Read the full report here:

 

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State/OIG Issues Report on @StateDept IT Incident Response and Reporting Deficiencies

Posted: 2:03 am EDT

 

An independent accounting firm hired by State/OIG determined that the State Department’s IT incident response and reporting (IR&R) program was not operating effectively. Specifically, of the 25 cyber security incidents evaluated, Williams, Adley found that five were miscategorized, six were not remediated in a timely manner, one was not identified in a timely manner, one was missing incident information, four were not reported to the U.S. Computer Emergency Readiness Team (US-CERT) in a timely manner, and two were not reported to US-CERT as required.

The deficiencies in the IR&R program occurred primarily because of inadequate communication between the Bureau of Information Resource Management (IRM) and the Bureau of Diplomatic Security (DS) and inadequate management oversight that would ensure that personnel within the Department’s incident response team fully complied with prescribed categorization guidelines, reporting requirements, and remediation timelines.

Without an effective IR&R program, the Department may be unable to properly identify weaknesses, restore IT operations in a timely manner, and identify and respond to cyber security incidents, which could potentially lead to interruptions of critical operations and hinder the Department’s ability to achieve its core mission.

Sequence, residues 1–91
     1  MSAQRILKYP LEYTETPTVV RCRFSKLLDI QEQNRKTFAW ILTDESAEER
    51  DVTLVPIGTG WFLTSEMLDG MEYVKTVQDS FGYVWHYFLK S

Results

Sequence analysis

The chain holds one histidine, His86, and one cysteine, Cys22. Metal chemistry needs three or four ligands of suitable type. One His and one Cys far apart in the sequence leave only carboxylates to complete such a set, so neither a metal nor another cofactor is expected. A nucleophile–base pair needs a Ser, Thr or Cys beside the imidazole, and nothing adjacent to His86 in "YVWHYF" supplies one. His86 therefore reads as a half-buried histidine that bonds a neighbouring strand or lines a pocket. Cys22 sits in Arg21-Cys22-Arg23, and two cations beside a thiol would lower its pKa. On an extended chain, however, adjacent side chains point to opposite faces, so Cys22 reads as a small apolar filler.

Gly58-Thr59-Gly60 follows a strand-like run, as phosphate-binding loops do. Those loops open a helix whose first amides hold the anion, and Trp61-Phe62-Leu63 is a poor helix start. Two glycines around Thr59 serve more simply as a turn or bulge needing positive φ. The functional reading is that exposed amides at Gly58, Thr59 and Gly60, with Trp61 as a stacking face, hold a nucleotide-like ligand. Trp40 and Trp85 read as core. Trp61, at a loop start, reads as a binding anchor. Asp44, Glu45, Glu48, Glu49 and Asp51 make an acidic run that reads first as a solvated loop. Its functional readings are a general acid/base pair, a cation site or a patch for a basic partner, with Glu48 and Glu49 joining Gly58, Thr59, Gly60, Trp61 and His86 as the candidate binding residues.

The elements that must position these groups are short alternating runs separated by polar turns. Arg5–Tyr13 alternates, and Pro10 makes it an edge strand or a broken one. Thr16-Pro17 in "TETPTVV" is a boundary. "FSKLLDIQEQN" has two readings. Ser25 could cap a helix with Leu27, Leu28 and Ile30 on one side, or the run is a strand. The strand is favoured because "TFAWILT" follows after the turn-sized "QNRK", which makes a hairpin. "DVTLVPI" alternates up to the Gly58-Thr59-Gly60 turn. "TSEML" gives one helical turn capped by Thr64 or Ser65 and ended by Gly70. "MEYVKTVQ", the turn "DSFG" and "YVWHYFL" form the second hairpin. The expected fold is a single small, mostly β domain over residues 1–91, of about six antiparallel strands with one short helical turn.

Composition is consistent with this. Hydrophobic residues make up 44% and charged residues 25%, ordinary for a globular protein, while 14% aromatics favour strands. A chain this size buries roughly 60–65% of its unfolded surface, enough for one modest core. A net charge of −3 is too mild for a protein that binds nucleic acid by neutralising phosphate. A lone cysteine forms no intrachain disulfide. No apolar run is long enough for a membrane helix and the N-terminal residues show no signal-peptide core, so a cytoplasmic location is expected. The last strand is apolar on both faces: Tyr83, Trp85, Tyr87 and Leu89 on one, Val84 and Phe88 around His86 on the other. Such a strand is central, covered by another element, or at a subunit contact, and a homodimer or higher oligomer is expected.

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Williams, Adley determined that the Department’s IR&R program was not operating effectively for the months of September and October 2014. Specifically, Williams, Adley reviewed the Department’s handling of 25 cyber security incidents out of 303 incidents (CAT 1 to CAT 6) reported during the scope period8 to determine whether the Department complied with its information security policies and procedures.

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According to the audit, remediation of one denial of service attack took over 200 hours, remediation of four malicious code attacks took between 174 hours and 312 hours, and remediation of one probe attack took over 175 hours.

Here’s the proposed solution according to the audit:

DS officials stated that a proposed solution was currently being developed that would improve the responsiveness of and communications between DS and IRM. Specifically, the Department would create a Joint Concept of Operations, via a Memorandum of Understanding, that would enhance the current capabilities of the DS Foreign Affairs Cybersecurity Center. Although the Memorandum of Understanding was in the initial drafting phase as of the date of this report, it is a proposed solution that, when fully implemented, will allow the Department to approve a Joint Security Operations Center concept that will potentially consolidate core IRM and DS cyber security functions and thus strengthen the responsiveness of and communications between IRM and DS. This effort will serve as the first step in improving communications between IRM and DS.